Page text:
Examiner Editorial: Trying to solve Golden Gate Park violence

This summer’s outbreak of violence and destructiveness in Golden Gate Park demonstrates yet again that The City’s attempts to keep its signature park a safe and welcoming family destination have been “a broken system for many years” — as police Capt. Teresa Barrett recently told The San Francisco Examiner.

In the early hours of Aug. 28, a 53-year-old homeless man was found beaten to death at Kezar Stadium. He was known to many as a longtime dweller of Golden Gate Park. In July, unleashed dogs owned by park transients attacked two people and sent them to a hospital. Earlier this summer, one transient stabbed another to death outside the Conservatory of Flowers.

Police and park patrol officers hand out numerous citations daily to those found in violation of sleeping or camping in the park, but longtime inhabitants reject city outreach efforts and shrug off currently available enforcement measures. “The citations go to traffic court … and they are summarily dismissed in traffic court,” Barrett said.

San Francisco parks generally have overnight-closing rules, although there is no standard policy citywide. In many parks, it’s an infraction to be there from 10 p.m. to 6 a.m. Other parks are proclaimed closed at sunset. However, visitors can be in Golden Gate Park at any hour. It’s only illegal to camp or sleep, consume alcohol or be a public nuisance there.

There’s actually a reason for this. Heavily used Golden Gate Park hosts numerous legitimate activities after dark, which can regularly extend past a 10 p.m. closing. The California Academy of Sciences and the de Young Museum host increasingly popular evening events. Outdoor concerts and other scheduled events add to the night traffic. San Franciscans use the park for their late-evening bicycle rides or commutes, dog walks and before-dawn workouts.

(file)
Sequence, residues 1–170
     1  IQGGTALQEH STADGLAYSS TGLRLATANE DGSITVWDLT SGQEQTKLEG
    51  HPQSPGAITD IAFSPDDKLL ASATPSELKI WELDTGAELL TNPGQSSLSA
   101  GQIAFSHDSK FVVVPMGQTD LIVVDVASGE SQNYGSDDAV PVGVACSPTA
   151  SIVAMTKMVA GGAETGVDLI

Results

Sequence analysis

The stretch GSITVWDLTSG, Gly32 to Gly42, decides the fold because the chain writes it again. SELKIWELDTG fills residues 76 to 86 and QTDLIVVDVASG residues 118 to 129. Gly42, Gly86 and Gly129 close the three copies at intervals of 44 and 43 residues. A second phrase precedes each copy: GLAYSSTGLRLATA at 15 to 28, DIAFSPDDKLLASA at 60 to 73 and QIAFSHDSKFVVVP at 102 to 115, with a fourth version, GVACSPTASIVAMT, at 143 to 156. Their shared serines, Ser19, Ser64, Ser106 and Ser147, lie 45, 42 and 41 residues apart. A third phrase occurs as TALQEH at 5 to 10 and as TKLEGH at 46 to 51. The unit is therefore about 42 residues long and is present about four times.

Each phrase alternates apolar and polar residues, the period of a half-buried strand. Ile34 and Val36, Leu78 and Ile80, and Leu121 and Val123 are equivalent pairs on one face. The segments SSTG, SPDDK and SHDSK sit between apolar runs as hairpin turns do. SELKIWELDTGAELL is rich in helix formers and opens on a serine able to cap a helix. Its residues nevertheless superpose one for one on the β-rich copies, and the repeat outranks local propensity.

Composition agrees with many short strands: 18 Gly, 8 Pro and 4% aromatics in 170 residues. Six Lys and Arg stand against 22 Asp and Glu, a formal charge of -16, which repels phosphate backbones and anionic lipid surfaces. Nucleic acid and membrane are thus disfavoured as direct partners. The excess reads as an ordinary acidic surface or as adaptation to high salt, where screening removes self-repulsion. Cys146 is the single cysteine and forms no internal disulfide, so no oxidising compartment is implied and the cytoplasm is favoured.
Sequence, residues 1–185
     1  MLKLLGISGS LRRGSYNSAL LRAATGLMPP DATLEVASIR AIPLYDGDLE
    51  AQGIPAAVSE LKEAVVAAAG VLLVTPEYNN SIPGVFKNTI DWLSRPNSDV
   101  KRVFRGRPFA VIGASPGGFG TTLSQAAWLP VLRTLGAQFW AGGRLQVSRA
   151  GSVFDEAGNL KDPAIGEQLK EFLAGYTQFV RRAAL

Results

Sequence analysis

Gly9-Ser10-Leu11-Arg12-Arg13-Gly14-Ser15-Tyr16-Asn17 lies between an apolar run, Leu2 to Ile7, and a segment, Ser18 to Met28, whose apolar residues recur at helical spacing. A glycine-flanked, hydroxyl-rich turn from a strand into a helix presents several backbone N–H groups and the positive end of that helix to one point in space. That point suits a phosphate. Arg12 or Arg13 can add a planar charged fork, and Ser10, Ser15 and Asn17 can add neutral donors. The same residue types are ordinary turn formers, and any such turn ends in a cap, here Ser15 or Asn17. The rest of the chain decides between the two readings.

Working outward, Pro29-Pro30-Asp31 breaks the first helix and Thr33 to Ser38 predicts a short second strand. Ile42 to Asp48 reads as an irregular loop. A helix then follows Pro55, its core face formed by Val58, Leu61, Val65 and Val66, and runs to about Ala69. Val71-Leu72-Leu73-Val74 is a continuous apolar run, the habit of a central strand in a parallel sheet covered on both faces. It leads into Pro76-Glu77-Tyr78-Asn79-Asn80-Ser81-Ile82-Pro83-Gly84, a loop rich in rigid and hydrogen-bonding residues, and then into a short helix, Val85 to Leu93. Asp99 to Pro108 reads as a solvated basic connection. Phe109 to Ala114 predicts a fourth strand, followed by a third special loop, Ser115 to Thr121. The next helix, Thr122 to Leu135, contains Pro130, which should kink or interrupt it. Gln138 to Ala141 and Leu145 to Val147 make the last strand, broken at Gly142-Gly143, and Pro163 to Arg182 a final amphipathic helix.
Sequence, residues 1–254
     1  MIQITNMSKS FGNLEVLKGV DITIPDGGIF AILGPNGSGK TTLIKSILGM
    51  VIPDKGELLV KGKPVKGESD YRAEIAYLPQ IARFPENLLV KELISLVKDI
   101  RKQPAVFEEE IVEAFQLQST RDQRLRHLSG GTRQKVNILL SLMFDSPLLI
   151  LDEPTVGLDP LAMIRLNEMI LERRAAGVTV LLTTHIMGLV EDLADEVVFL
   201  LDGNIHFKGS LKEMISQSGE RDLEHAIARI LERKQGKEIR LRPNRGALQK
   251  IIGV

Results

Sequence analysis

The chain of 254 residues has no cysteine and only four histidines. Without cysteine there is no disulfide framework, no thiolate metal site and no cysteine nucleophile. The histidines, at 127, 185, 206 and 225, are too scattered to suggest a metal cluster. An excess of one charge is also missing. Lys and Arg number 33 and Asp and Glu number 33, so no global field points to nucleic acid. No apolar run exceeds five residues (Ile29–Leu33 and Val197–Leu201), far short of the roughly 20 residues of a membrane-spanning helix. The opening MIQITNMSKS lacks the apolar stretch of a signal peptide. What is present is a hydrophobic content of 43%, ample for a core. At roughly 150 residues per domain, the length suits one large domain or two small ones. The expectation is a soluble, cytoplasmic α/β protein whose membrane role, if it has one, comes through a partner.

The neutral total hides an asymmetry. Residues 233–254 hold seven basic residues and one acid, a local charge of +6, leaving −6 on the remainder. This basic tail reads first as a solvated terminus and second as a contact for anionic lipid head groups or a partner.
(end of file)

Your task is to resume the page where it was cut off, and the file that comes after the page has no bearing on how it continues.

In recent weeks, Mayor Gavin Newsom has met with the police command to discuss ways of establishing law and order in Golden Gate Park. The police want a more consistent enforcement policy for parks citywide, with stricter closing hours backed by active night patrolling at Golden Gate Park and other key sites.

SFPD Assistant Chief Jeff Godown provides assurances that “the cop isn’t going to walk in there and immediately yank somebody out of the park who is walking their dog at 11 p.m.”

By imposing a park closure time, chronic violators can be cited on misdemeanor trespassing charges. For serial troublemakers, drug dealers and their outlaw encampments, the realistic threat of immediate removal to a holding cell until their trespassing charges are heard might be just what’s needed.

But any tougher Golden Gate Park closure policy must not risk interfering with law-abiding citizens who utilize the park at night and in the early morning.

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